When a purchaser can renege

Decision first in Canada to consider whether purchaser could refuse to close deal due to pandemic
When a purchaser can renege

A recent decision in Ontario found that the COVID-19 pandemic could not be implied as a material adverse effect in Duo Bank’s attempt to withdraw from the purchase deal.

The December 2 Ontario Superior Court of Justice decision in Fairstone Financial Holdings Inc. v. Duo Bank of Canada is the first in Canada in which a court considered whether a purchaser could refuse to close in the context of the pandemic. The court weighed in on “MAE” clauses in an M&A context — and it’s not a surprising result to practitioners.

Fairstone is a very important decision,” says John Clifford, a business law/M&A partner at McMillan LLP in Toronto — not for the result, which was “unsurprising,” but because “it’s the only decision we have in Canada that deals with MAE clauses” in the M&A context.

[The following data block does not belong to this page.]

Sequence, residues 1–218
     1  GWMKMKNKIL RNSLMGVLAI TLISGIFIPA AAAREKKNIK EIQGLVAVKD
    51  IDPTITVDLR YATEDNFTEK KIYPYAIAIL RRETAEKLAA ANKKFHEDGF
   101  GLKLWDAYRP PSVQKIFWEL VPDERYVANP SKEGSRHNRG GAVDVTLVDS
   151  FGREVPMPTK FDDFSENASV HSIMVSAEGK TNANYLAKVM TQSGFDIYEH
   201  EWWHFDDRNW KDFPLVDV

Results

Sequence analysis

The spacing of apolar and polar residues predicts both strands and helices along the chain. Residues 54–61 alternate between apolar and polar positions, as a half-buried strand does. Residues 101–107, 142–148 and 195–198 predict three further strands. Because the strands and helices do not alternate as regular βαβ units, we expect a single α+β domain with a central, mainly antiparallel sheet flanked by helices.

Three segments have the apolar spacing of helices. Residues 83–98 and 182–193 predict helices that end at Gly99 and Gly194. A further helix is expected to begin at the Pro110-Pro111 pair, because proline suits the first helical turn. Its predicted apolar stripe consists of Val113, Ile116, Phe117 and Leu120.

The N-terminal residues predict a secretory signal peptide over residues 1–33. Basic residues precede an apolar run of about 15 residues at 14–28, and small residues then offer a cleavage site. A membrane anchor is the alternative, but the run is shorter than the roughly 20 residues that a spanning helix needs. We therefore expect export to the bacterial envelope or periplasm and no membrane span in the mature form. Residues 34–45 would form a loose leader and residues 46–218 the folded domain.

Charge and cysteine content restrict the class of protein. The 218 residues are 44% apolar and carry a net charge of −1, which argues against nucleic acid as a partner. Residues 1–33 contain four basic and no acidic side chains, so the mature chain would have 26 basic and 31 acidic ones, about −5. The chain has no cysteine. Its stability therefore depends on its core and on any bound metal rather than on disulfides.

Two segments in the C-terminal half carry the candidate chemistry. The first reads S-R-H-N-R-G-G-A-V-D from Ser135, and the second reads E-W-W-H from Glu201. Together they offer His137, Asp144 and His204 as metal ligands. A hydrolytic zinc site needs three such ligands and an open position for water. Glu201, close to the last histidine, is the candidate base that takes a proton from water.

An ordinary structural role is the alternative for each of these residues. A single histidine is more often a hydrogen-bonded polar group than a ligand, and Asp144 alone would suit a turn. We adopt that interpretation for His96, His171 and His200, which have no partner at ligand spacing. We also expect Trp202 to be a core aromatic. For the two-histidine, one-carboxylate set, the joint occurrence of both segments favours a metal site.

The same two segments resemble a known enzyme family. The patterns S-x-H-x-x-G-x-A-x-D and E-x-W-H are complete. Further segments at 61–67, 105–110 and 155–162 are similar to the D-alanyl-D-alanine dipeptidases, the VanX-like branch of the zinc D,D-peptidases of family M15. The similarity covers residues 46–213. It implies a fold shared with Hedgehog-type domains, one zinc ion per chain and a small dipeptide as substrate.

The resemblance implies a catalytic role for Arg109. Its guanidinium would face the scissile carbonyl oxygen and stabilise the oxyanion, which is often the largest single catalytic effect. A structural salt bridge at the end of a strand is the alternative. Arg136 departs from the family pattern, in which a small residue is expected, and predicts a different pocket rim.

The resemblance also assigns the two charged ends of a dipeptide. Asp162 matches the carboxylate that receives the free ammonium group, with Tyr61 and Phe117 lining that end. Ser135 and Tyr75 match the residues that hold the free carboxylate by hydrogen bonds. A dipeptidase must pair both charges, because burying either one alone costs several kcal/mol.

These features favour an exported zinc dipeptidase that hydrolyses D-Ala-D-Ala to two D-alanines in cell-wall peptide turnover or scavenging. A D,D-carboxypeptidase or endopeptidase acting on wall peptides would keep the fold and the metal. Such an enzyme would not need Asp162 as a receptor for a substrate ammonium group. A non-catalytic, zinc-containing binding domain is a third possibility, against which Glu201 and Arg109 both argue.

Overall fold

Previous cases dealing with MAE clauses have been in the context of bankruptcy, landlord-tenant or bank loan situations, says Bryan Haynes, a partner at Bennett Jones LLP in Calgary. “This is a very welcome development because [the decision] provides a very extensive overview of all of the various issues and analysis of relevant case law and then a pronouncement by the court on the principles that the Canadian courts should follow.”

Those principles are mainly in line with what the Delaware courts have laid down in the past, particularly in the landmark 2018 decision in Akorn Inc. v Fresenius Kabi AG, Haynes adds.

MAE clauses are a tool to protect buyers from developments that will cause a target business to be materially different at closing from what it was when the transaction agreement was signed. Still, they are not intended to protect against any future business risk. “Carveouts” from the MAE definition in a share purchase agreement are matters specifically deemed not to be an MAE.